Sunday, July 28, 2013
"You—after all I—how dare—why won’t—you—YOU!”
I heard my father in pieces, punctuated by grunts or the crash of something falling and maybe breaking.
“I—I--- I---“ was all my brother Sam could get out.
He was loud, but not very eloquent, as usual. He’s got all these problems – like trouble putting his feelings into words -- related to his being “on the autism spectrum”, whatever that means exactly. For some reason it pisses my father off but mostly I just find it annoying.
“I love cats!” Sam yelled suddenly, which was followed by the loud thump of a body hitting the wall upstairs, and I could picture Sam head-butting my father.
Loving cats and head-butting were two of Sam’s “things”.
My mother, who prefers to be called “Judy” ever since she quit drinking and decided her real name, which was Brandy, was a trigger for her – turned up the volume on the TV in the family room. She pulled me close into a snuggle and we continued to watch Project Runway as if my brother and my father duking it out upstairs were perfectly normal, which it was.
There’s this book I read that said a bucket of water is a bucket of water to me, a vast ocean to an ant, a cool drink to an elephant, and to a fish it’s home – it all depends on your point of view. So when I say “normal,” well, that was like my bucket of water, only in this case the bucket of water was Sam and my father rolling around on Sam’s floor upstairs and Judy and I watching TV downstairs with the volume up.
As I said, to us, this was normal. To the social worker who visited last week, the same scene would be dysfunctional and maybe detrimental to the welfare of the children, i.e., Sam and me. To someone reading this, maybe in my memoirs someday or in a piece of fiction loosely based on us, maybe the scene was tense or sad or even funny. On the other hand, to our neighbors we were just noisy.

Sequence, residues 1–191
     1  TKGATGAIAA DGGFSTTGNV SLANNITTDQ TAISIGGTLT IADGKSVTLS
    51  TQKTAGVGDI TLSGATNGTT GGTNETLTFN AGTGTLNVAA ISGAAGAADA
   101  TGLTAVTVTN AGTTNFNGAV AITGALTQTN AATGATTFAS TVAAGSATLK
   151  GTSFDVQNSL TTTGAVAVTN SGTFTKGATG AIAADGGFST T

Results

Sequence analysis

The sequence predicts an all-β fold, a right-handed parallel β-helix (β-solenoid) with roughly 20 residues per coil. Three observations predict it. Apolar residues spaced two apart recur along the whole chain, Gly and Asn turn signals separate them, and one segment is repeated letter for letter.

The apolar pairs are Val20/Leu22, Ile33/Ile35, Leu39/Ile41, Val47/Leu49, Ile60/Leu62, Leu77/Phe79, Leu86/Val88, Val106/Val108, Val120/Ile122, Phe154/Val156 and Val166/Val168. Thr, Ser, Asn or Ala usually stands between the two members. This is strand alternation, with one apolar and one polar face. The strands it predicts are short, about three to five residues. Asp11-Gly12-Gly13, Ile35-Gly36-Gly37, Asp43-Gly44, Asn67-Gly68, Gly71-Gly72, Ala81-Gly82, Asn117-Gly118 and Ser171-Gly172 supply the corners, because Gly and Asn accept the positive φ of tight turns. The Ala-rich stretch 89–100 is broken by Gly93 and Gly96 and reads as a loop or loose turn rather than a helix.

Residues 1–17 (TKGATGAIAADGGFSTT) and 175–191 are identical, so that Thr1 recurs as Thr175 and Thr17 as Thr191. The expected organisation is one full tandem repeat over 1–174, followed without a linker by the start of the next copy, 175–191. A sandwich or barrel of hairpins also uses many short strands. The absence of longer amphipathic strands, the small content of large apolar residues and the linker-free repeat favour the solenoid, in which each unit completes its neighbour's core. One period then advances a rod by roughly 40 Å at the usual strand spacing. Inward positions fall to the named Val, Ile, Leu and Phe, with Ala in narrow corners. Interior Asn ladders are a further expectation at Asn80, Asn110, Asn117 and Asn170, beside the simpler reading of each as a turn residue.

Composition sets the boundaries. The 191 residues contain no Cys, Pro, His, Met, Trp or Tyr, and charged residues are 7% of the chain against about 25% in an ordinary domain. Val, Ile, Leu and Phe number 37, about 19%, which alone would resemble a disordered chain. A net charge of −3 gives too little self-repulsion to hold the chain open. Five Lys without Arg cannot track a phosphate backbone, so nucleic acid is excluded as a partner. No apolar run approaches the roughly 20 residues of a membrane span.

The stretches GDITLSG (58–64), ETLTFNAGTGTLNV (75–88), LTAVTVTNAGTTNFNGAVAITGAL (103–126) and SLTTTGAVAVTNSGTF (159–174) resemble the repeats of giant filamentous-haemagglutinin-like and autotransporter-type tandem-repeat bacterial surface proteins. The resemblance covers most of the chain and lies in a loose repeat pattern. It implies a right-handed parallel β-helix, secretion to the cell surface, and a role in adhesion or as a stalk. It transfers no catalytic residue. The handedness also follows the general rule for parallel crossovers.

Like the fish in the bucket, to me, it was home.
Sigh. Such was my life. Thirteen and so jaded. Tsk, Tsk, my grandmother would say. Laney needs to find her joy, to make her own happiness, to get out of herself, she would say. She has said, actually.
“All that time in her room and how does she find anything in that scrap heap? Anyway, do you know she is on that I-thing until one in the morning when she needs her sleep if she’s going to grow,” she said once to Judy, as if I weren’t there.
“Oooh, I like that one,” said Judy, pointing at the TV as a billowy white dress came down the runway.
“Eh, it’s all right,” I said. “Kinda eighties prom dress.”
“Mm, maybe,” said Judy, shrugging and sipping her Diet Coke.
“That’s it!” bellowed my father as he crashed down the stairs like a bull in a china shop – not to be all cliché, but he was six foot three and four feet wide and our house was an old colonial full of tiny room and tinier stairways, so that’s what him moving around was really like.
“I can’t take this ANYMORE! I’m DONE!” he said, roaring past the couch where my mother and I sat.
“Daaaaa….” said Sam, right behind my father.
I looked up as my father left, slamming the back door behind him, and Sam sank to the floor in a ball, pounding on his shins with his fists. Sighing, I looked back at the TV and stifled the urge to tell Sam to melt-down quietly please, or else take his problems elsewhere.
So you see, to Sam, what I thought was “normal” was actually devastating.
To my father it was the last straw.